All this introspection stuff (magnifying glass) has me facing three interlinked issues all at once:
1. I have a very longstanding problem of ALWAYS holding my tongue arched high – even when playing lower notes. This leaves little to no room to be able to arch higher (for high range notes). How do I quit doing this?
2. K-modified tonguing is what I’ve done for a very long time. (I’m guessing this may have come about – in part – due to my high tongue arch position.) Changing to something that actually helps me keep a lower/more relaxed tongue position would be helpful.
3. On top of all this is, I’m changing my embouchure to the milk spout.
Put all this together and it’s nothing short of ugly. Any and all ideas would be immensely appreciated! Especially regarding #1 and #2. (But please, have mercy any don’t send ideas/suggestions that read like a doctoral thesis. I have ADHD and really long responses will have me screaming while bashing my head against the wall!)
This is Hajo,
maybe your tongue is to stiff 🤔
Do you know flutter tongue?( see my post)
If yes you can loose your tongue more and more with that.
There is a second exercises I know specially for the tongue.
It is called Belcanto. It is a tongue exercises without trumpet.
If you like I can explain 😉
Hopefully that can help you
Tongue isn’t stiff. I can flutter tongue and do any other type of articulations as well. I think I have watched every video by Greg on articulation and did the whole “Ruby Fundamentals – The Alphabet” as it’s a very good diagnostic tool. Thanks for the suggestion though, Hajo.
Sorry to hear of your struggles. I too am working to change embouchure settings to a more Windworks “Milkspout” setting. After a lesson with Greg, he noticed my jaw was closing and this was causing me trouble with lower note sound and resonance. I am currently working to engrain a lower more open jaw into my Windworks process practice but am still a “work in progress” and have a distance to go yet.
That being said I am wondering if a focus on a jaw down/open teeth position would open up your oral cavity to allow more room to lower your tongue arch. I do not use KMT tonguing but tried to emulate it and found a lower jaw did free up my tongue to drop more easily from an arched setting.
Just a thought and a suggestion.
Good luck and please keep us posted on your progress.
Hi, Pat. It sounds like there are some similarities between us, but for me it’s higher notes where I experience the most problems keeping jaw down and teeth apart. I’m having no success getting away from decades of too high tongue arch and that arch always combined with closing up space between teeth. Add to that the embouchure change and I can’t figure out which way to go. Lower the jaw, quit with the tongue arch, change the embouchure and maybe change my style of tonguing all at once? That’s actually four things, each one affecting the other three. Yeah, I’ve clearly been working too hard at trumpet playing for a very long time. This is definitely confusing.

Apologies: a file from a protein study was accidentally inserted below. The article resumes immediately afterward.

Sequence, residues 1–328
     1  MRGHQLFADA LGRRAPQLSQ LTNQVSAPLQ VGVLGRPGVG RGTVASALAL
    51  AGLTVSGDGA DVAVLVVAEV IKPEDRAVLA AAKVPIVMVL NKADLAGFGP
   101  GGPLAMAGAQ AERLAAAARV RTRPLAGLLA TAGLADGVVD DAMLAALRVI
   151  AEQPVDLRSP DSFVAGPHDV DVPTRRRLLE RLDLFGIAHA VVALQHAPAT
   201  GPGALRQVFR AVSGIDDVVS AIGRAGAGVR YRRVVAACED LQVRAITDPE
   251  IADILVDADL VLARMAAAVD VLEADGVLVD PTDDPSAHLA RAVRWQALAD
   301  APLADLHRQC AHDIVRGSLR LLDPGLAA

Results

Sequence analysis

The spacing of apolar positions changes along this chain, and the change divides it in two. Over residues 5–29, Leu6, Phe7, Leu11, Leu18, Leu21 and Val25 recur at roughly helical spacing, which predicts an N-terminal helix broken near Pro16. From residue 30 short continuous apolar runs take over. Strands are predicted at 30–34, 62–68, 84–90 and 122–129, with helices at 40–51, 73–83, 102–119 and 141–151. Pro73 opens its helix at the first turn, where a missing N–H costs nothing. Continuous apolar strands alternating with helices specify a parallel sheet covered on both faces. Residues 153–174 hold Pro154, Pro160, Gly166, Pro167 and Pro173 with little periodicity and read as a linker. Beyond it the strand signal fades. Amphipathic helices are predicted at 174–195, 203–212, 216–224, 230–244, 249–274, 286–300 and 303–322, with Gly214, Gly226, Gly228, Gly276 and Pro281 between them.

I am so sorry that you have that problems although you work so hard on your trumpet.
May that suggestion can help you.
I learned to play with milk spout( embouchure 2.0). But when you hold the bell of your trumpet as high as you do without milk spout ( 1.0 embouchure) I made the experience that to much pressure on the upper lip close your embouchure to much.
Please try to experience with the angle of your trumpet. Bell high, bell lower.
It changed at lot in my sound and my made my playing more efficient.
Maybe it helps you?
Best regards and good luck
Many years ago, when I was preparing for a symphony career, along came pieces like Rimsky-Korsakov’s Scheherazade with it’s very fast double and triple tonguing speeds. To get there, I altered my tonguing style to high and forward. and that position stuck with me for all of my playing.
Tongue arch as high as I was doing it isn’t too harmful when most classical music barely gets you to high C above the staff. But, higher notes had me forcing air past my too high tongue (Valsalva Maneuver).
Then, last year, I got Embouchure Focal Dystonia and my playing fell completely apart. My normal playing range to Eb above the staff – gone. Issues I had never known before arose. Most annoying was constantly hearing throat tension noises and feeling that vibration even when playing below the staff. Flexibility was shot and my range maxed out at top line F with a Dystonia-caused tight tremor – sounds like a nervous shake.
Greg Spence and Windworks methods to the rescue – and his infamous magnifying glass thing. Trying to figure out 3-4 issues recently (and all at once) wasn’t working for me, so I decided to started experimenting with tonguing styles.
From an online search, a website said the lowest tongue position is to say “too” (two). “Too” also conveniently sets up the milk spout embouchure while also dropping the jaw position. I feel like I hit the jackpot! Throat tension sounds stopped, the milk spout has became easier to set, and my range is going up. Also less Dystonia tremor. Jackpot!
I still have a very long way to go with passive vs active and learning shape for every note, but what a relief it is to finally experience a big step forward! I think I’ll go back to Largo now to start laying in a new playing foundation.
Glad to hear of your breakthrough, Janet. Sounds like the lower jaw setting may work for you after all. Interesting how the word “too”, which Greg demonstrates constantly without aids, plus with visualizer and mouthpiece, may be the key for you.
Good luck and please keep us posted on your progress.